But “civilization” has only been around for the past 5,000 or so years. That’s a tiny fraction of our past as a species. Even within that 5,000-year period, much or most of humanity has lived outside the bounds of what is technically considered civilization. Civilization isn’t a neutral or all-encompassing term. It has a specific set of meanings, and like the eponymous games, a beginning: a distinct series of points in time when it emerged, and from which it developed further.
This doesn’t mean that those times - Mesopotamia, Egypt, Shang China, and Maya-period Mesoamerica - aren’t important, or that we shouldn’t try to understand how or why the package came together. Writing matters a lot; for the first time, people could record their words for posterity. That’s not nothing. States could mobilize resources, for good and ill, on an enormous scale. Cities were centers of all kinds of innovation, not just places that happened to have a lot of people living close together. Religious specialists, craft specialists, soldiers, and political elites were the product of this kind of world, with its technologies and hierarchies and ways of doing things.
But unlike the games, civilization didn’t emerge from the mists of time, ready to settle down and build cities and steadily develop new technologies one by one along a linear technology tree. There were no linear paths, much less a single path shared across the globe. There were many paths, many possible combinations of the various pieces that make up the package of “civilization.” The meaningful part of our past didn’t begin when those things happened to show up together.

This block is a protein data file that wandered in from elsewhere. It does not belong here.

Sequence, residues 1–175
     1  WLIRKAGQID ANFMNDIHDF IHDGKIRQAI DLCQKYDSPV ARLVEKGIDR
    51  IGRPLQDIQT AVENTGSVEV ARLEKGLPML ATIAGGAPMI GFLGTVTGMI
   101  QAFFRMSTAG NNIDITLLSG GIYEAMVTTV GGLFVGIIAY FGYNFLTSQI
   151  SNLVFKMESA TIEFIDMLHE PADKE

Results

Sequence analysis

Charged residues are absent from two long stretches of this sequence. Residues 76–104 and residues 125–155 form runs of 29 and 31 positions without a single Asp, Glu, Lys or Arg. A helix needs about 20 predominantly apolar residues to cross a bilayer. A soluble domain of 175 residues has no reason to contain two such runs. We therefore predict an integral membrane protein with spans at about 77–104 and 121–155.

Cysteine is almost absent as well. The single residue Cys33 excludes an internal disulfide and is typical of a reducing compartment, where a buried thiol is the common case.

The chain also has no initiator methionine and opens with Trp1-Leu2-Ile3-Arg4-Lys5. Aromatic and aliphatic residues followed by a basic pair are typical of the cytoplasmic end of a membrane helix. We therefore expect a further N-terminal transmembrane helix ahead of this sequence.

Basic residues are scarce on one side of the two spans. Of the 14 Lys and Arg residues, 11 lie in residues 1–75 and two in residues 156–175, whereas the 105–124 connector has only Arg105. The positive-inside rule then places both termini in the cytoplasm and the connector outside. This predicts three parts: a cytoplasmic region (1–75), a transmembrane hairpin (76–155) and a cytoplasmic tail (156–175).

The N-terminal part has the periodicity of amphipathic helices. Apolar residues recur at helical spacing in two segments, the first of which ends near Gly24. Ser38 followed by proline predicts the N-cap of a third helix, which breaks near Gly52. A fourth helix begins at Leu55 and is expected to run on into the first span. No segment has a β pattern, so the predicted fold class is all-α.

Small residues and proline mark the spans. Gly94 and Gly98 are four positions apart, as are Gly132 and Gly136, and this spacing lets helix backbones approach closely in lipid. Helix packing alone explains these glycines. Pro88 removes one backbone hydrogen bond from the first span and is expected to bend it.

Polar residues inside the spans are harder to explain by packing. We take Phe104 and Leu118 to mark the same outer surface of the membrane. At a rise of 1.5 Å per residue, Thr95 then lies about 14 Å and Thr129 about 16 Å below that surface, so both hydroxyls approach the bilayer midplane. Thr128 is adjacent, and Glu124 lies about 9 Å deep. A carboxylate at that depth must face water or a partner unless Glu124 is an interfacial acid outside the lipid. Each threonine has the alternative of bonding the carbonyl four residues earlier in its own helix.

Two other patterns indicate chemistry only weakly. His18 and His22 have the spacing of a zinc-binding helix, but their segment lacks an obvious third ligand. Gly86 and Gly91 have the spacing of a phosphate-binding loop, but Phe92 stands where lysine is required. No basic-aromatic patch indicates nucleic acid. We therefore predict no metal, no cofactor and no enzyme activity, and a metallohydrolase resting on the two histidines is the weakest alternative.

The societies of prehistory, from the foragers who carved the limestone pillars at Göbekli Tepe 11,000 years ago to the nomadic Proto-Indo-Europeans of the steppe to the city-dwelling but non-literate peoples of the Andes, were varied and hardly simple. The Jomon of Japan were sedentary, populous, and sophisticated, but never developed full-blown agriculture. The people of Neolithic Europe had complex social hierarchies and built enormous, impressive stone monuments, but they had no writing, and mostly lacked cities. The inhabitants of the American southeast had trade networks that stretched for hundreds of miles in every direction and constructed massive earthworks that are still visible today. For that matter, plenty of the people living in one of these “civilizations” never had contact with the meaty parts: What are we supposed to think of marsh-dwelling fishermen who never made their way into the first cities of Mesopotamia, or illiterate farmers in the classical Greek countryside who never studied Homer or set foot in a fancy temple? Were they participants in civilization, or not?
I’m not convinced “civilization” is a particularly useful term if we’re trying to understand the richness and complexity of the human past. As a descriptor or a technical term for a specific package of things, like “complex society,” maybe; as a value judgement, absolutely not. It’s the height of arrogance to think that societies can only have value if they meet a specific set of criteria.
What will our descendants think of us, if they think of us at all?